Only the oilies with the ‘strongest balance sheets’ will be spending money on projects now
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Major oil and gas projects are likely to be stuffed back onto shelves thanks to the depressed oil price.
Oil prices surged briefly after US President Donald Trump claimed last week that Saudi Arabia and Russia had agreed to substantially cut their production, with the benchmark Brent and West Texas Intermediate crudes closing at $US34.11 ($56.55) and $US28.34 per barrel respectively on Friday.
This is up from the close of $US24.93 and $US21.51 per barrel respectively a week before.
However, doubts about whether the two countries would call a truce and agree to production cuts have since sent the Brent down to $US33.57 per barrel and the WTI down to $US27.43 per barrel.
Given that this is less than half the price that oil was trading at just before the end of 2019, it is clear why global resources consultancy Wood Mackenzie believes that almost all pre-final investment decision (FID) projects will be deferred.
“$US110bn of investment will almost certainly be deferred, with another $US100bn at risk,” Woodmac upstream research team member Rob Morris said.
He added that only company’s with the strongest balance sheets would even contemplate major project investment approvals.
This is despite five years of cost cutting and optimisation ensuring that more than half of 2020’s pre-FID are capable of generating 15 per cent returns at $US50 per barrel, while less than half of their 2015 counterparts could make 15 per cent returns at a higher $US85 per barrel price.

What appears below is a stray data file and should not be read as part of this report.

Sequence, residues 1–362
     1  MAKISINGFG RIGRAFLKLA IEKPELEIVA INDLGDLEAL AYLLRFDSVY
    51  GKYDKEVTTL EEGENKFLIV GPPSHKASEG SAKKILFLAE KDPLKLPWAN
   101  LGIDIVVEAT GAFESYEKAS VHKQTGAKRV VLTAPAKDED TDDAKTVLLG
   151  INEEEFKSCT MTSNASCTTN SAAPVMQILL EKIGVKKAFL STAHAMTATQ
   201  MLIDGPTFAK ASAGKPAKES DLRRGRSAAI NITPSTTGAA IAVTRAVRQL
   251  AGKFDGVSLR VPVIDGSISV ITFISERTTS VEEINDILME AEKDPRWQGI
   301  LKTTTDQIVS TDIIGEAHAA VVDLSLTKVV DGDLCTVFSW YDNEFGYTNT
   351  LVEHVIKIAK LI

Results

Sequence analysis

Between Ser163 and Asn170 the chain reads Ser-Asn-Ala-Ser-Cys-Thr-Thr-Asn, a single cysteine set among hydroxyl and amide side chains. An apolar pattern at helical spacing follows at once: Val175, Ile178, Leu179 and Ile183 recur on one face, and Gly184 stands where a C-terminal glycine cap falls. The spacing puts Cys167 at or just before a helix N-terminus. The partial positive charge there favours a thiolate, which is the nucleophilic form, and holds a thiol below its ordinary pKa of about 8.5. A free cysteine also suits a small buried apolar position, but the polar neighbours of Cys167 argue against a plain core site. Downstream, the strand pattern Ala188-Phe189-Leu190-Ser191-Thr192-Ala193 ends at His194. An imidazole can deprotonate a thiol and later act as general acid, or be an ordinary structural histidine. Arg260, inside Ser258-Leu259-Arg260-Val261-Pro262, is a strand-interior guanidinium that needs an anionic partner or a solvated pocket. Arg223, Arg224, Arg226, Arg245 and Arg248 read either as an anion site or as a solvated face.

“Some project sanctions will be delayed to 2021 and beyond. Some will be completely reworked or even put on hold permanently. These include projects with weaker strategic drivers, high breakevens, and/or financially distressed operators,” Morris said.
“Africa, the North Sea, South East Asia and Australian LNG face mass project deferrals. Australian LNG is perhaps the most high-profile casualty. As we predicted, both Woodside Petroleum and Santos have already announced delays at Scarborough and Barossa until market conditions improve.
“Project deferrals now will mean huge volumes of pre-FID production at risk from the mid-2020s. Projects previously targeting a 2020 FID would have contributed 1.8 million barrels per day of liquids and nearly 20 billion cubic feet per day of production.”
In late March, Woodside (ASX:WPL) said it was cancelling or deferring non-essential activities to reduce total expenditure by about 50 per cent to about $2.4bn. This includes delaying the FIDs for Scarborough and Pluto Train 2 to 2021.
Santos (ASX:STO) was a little less cautious, trimming 38 per cent off its 2020 capital expenditure and the decision made to defer FID on Barossa until business conditions improve.
However, deepwater oil projects in places like Guyana and Brazil along with niche liquefied natural gas (LNG) projects – including low-cost greenfield and feedgas backfill at legacy LNG projects – could still progress.
Small cap companies have also halted projects, with Central Petroleum (ASX:CTP) pausing its planned three well production pilot in Queensland’s Surat Basin.